North Korean leader Kim Jong-Un (C) uses a pair of binoculars to look towards the South during his visit to the Jangjae Islet Defence Detachment and Mu Islet Hero Defence Detachment on the front, near the border with South Korea, southwest of Pyongyang March 7, 2013 in this picture released by the North's official KCNA news agency in Pyongyang.
In what looks to many in the information security community like a bizarre face-saving gesture with little basis in reality, the Obama administration today announced new sanctions on 10 senior North Korean officials and several organizations.
Earlier allegations by the U.S. that the North Korean government was behind the hacking of Sony Pictures have been met with increasing skepticism by infosec specialists around the world. The FBI hasn't released anything of substance publicly that bolsters its claims that Kim Jong-Un is to blame, but that isn't stopping administration officials from delivering on President Obama's promise of a “proportional response” against the regime.
The New York Times today reports that White House officials admit there is "no evidence that the 10 officials" targeted in today's new sanctions "took part in ordering or planning the Sony attack, although they described them as central to a number of provocative actions against the United States."
“It’s a first step,” one of the officials said. “The administration felt that it had to do something to stay on point. This is certainly not the end for them.”
The actions may well turn out to be more symbolic than substantive: North Korea already faces some of the heaviest sanctions of any country. The action seemed to be an effort to echo sanctions that the Bush administration imposed eight years ago against a bank that the North Korean leadership used to buy goods illicitly and to reward leaders for loyalty. Those penalties were later judged to be the only actions that got the attention of Kim Jong-il, the dictator whose son now runs the country.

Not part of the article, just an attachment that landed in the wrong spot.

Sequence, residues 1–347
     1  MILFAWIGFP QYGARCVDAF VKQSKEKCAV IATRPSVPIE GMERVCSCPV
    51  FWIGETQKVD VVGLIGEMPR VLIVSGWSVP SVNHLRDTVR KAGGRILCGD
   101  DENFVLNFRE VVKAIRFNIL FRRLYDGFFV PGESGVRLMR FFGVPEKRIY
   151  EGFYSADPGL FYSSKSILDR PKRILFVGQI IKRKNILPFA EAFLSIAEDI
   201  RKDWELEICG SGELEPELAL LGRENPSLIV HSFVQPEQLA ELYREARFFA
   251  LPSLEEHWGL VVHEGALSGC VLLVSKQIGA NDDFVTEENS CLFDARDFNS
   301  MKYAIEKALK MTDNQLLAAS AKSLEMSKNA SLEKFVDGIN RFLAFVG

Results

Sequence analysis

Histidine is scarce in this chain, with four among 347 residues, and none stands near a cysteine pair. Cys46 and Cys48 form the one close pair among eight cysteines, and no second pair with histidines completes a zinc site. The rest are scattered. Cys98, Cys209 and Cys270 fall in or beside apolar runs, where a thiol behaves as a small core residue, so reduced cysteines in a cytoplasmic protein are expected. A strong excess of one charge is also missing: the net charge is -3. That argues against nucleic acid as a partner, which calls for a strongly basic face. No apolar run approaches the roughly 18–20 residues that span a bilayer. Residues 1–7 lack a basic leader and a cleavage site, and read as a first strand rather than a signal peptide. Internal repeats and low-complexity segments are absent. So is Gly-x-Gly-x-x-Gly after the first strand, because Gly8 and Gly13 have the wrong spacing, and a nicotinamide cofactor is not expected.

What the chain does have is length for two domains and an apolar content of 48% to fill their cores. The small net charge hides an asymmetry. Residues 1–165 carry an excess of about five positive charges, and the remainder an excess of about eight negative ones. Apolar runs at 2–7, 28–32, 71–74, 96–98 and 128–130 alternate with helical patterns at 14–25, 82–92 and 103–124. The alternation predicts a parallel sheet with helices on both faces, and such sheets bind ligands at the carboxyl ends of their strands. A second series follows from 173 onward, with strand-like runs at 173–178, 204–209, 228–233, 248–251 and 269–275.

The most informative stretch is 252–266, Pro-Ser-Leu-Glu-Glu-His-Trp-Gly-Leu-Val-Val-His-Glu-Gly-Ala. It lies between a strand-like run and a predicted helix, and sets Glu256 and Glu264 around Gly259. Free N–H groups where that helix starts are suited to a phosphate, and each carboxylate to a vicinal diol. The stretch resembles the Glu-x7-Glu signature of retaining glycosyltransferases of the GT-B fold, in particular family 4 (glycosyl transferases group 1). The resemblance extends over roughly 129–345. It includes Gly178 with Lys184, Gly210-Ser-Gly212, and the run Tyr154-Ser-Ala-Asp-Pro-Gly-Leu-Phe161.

Clues from an investigation of the hack of Sony Pictures now point to at least one former employee, according to Norse Security.
A counter-narrative to the administration's account of the Sony hack is emerging: "former Sony Pictures employees angry over their firing during a recent reorganization at the company."
Researchers from the security firm Norse allege that their investigation of the hack of Sony has uncovered evidence that leads, decisively, away from North Korea as the source of the attack. Instead, the company alleges that a group of six individuals is behind the hack, at least one a former Sony Pictures Entertainment employee who worked in a technical role and had extensive knowledge of the company’s network and operations.
"In Response to Sony Attack, U.S. Levies Sanctions on 10 North Koreans" [nytimes.com]
"New Clues In Sony Hack Point To Insiders, Away from DPRK" [securityledger.com]
Wired has published another long excerpt from Sandworm, reporter Andy Greenberg's (previously) forthcoming book on the advanced Russian hacking team who took the US-Israeli Stuxnet program to the next level, attacking Ukrainian power infrastructure, literally blowing up key components of the country's power grid by attacking the embedded code in their microcontrollers.
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